How to format your references using the Diagnostic Pathology citation style

This is a short guide how to format citations and the bibliography in a manuscript for Diagnostic Pathology. For a complete guide how to prepare your manuscript refer to the journal's instructions to authors.

Using reference management software

Typically you don't format your citations and bibliography by hand. The easiest way is to use a reference manager:

PaperpileThe citation style is built in and you can choose it in Settings > Citation Style or Paperpile > Citation Style in Google Docs.
EndNoteFind the style here: output styles overview
Mendeley, Zotero, Papers, and othersThe style is either built in or you can download a CSL file that is supported by most references management programs.
BibTeXBibTeX syles are usually part of a LaTeX template. Check the instructions to authors if the publisher offers a LaTeX template for this journal.

Journal articles

Those examples are references to articles in scholarly journals and how they are supposed to appear in your bibliography.

Not all journals organize their published articles in volumes and issues, so these fields are optional. Some electronic journals do not provide a page range, but instead list an article identifier. In a case like this it's safe to use the article identifier instead of the page range.

A journal article with 1 author
1. Bakker K. Water management. Water security: research challenges and opportunities. Science. 2012;337:914–5.
A journal article with 2 authors
1. Greenberg DA, Jin K. From angiogenesis to neuropathology. Nature. 2005;438:954–9.
A journal article with 3 authors
1. Komarova NL, Levy DN, Wodarz D. Synaptic transmission and the susceptibility of HIV infection to anti-viral drugs. Sci Rep. 2013;3:2103.
A journal article with 7 or more authors
1. Ren Z, Wang J, Wang S, Zou C, Li X, Guan Y, et al. Autologous transplantation of GDNF-expressing mesenchymal stem cells protects against MPTP-induced damage in cynomolgus monkeys. Sci Rep. 2013;3:2786.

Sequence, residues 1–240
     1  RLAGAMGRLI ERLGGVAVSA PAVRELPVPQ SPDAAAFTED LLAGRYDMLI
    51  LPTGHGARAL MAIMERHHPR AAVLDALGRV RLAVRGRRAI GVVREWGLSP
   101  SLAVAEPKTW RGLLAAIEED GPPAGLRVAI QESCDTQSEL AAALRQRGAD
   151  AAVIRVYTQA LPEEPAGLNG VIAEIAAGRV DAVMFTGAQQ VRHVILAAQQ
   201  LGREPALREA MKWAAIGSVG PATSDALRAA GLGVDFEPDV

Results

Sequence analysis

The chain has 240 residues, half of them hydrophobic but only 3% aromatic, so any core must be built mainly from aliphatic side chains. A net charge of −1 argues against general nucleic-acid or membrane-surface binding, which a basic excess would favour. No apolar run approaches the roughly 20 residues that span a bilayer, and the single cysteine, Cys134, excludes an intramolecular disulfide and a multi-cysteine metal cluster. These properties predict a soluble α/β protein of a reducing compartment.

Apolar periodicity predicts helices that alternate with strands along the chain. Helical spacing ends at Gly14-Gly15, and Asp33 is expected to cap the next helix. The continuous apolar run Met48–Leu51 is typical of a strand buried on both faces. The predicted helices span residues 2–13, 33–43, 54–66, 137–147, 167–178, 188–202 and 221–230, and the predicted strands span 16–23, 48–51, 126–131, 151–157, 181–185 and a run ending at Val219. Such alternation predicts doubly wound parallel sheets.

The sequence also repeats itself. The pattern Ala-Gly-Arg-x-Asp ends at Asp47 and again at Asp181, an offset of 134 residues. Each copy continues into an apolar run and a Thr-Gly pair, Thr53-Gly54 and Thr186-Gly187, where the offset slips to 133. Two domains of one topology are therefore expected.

Books and book chapters

Here are examples of references for authored and edited books as well as book chapters.

An authored book
1. Cobb AH, Reade JPH. Herbicides and Plant Physiology. Oxford, UK: Wiley-Blackwell; 2010.
An edited book
1. Emmer M, Quarteroni A, editors. Mathknow: Mathematics, Applied Sciences and Real Life. Milano: Springer; 2009.
A chapter in an edited book
1. Cala S, Osuna JL. Aeronautics in Spain: Specialization & Beyond. In: Dupuy Y, Frigant V, Gilly JP, Keichidi M, Lacalle Calderón M, Osuna Llaneza JL, et al., editors. European Aeronautics: The Southwestern Axis. Berlin, Heidelberg: Springer; 2007. p. 143–92.

Web sites

Sometimes references to web sites should appear directly in the text rather than in the bibliography. Refer to the Instructions to authors for Diagnostic Pathology.

Blog post
1. Andrew D. Organic Molecules Found On Giant Asteroid Ceres – Why That’s Such A Huge Deal [Internet]. IFLScience. IFLScience; 2017 [cited 2018 Oct 30]. Available from:


This example shows the general structure used for government reports, technical reports, and scientific reports. If you can't locate the report number then it might be better to cite the report as a book. For reports it is usually not individual people that are credited as authors, but a governmental department or agency like "U. S. Food and Drug Administration" or "National Cancer Institute".

Government report
1. Government Accountability Office. Telecommunications: Options for and Barriers to Spectrum Reform. Washington, DC: U.S. Government Printing Office; 2006 Mar. Report No.: GAO-06-526T.

Theses and dissertations

Theses including Ph.D. dissertations, Master's theses or Bachelor theses follow the basic format outlined below.

Doctoral dissertation
1. Johnson KC. Teacher and parent perceptions of classroom experiences of African American male students in a high school alternative program [Doctoral dissertation]. [Malibu, CA]: Pepperdine University; 2013.

News paper articles

Unlike scholarly journals, news papers do not usually have a volume and issue number. Instead, the full date and page number is required for a correct reference.

New York Times article
1. Hubbard B. Rising Saudi Prince, 31, Advances to One Step From the Throne. New York Times. 2017 Jun 21;A8.

In-text citations

References should be cited in the text by sequential numbers in square brackets:

This sentence cites one reference [1].
This sentence cites two references [1,2].
This sentence cites four references [1–4].

About the journal

Full journal titleDiagnostic Pathology
AbbreviationDiagn. Pathol.
ISSN (online)1746-1596
ScopeGeneral Medicine
Pathology and Forensic Medicine

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